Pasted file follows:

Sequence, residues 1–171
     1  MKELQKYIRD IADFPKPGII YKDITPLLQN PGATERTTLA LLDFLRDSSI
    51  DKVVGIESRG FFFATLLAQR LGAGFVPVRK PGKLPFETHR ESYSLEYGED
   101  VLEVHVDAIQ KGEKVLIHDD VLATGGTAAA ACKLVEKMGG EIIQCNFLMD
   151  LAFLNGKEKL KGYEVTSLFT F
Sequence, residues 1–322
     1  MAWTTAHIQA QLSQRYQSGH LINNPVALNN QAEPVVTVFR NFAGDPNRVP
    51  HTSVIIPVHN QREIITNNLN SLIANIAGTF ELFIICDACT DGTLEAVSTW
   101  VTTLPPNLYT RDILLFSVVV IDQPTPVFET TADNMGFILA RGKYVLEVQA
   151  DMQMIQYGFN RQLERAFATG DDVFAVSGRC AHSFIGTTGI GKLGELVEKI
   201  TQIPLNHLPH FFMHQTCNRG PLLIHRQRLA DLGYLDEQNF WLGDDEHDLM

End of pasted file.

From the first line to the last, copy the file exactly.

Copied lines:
Sequence, residues 1–171
     1  MKELQKYIRD IADFPKPGII YKDITPLLQN PGATERTTLA LLDFLRDSSI
    51  DKVVGIESRG FFFATLLAQR LGAGFVPVRK PGKLPFETHR ESYSLEYGED
   101  VLEVHVDAIQ KGEKVLIHDD VLATGGTAAA ACKLVEKMGG EIIQCNFLMD
   151  LAFLNGKEKL KGYEVTSLFT F
Sequence, residues 1–322
     1  MAWTTAHIQA QLSQRYQSGH LINNPVALNN QAEPVVTVFR NFAGDPNRVP
    51  HTSVIIPVHN QREIITNNLN SLIANIAGTF ELFIICDACT DGTLEAVSTW
   101  VTTLPPNLYT RDILLFSVVV IDQPTPVFET TADNMGFILA RGKYVLEVQA
   151  DMQMIQYGFN RQLERAFATG DDVFAVSGRC AHSFIGTTGI GKLGELVEKI
   201  TQIPLNHLPH FFMHQTCNRG PLLIHRQRLA DLGYLDEQNF WLGDDEHDLM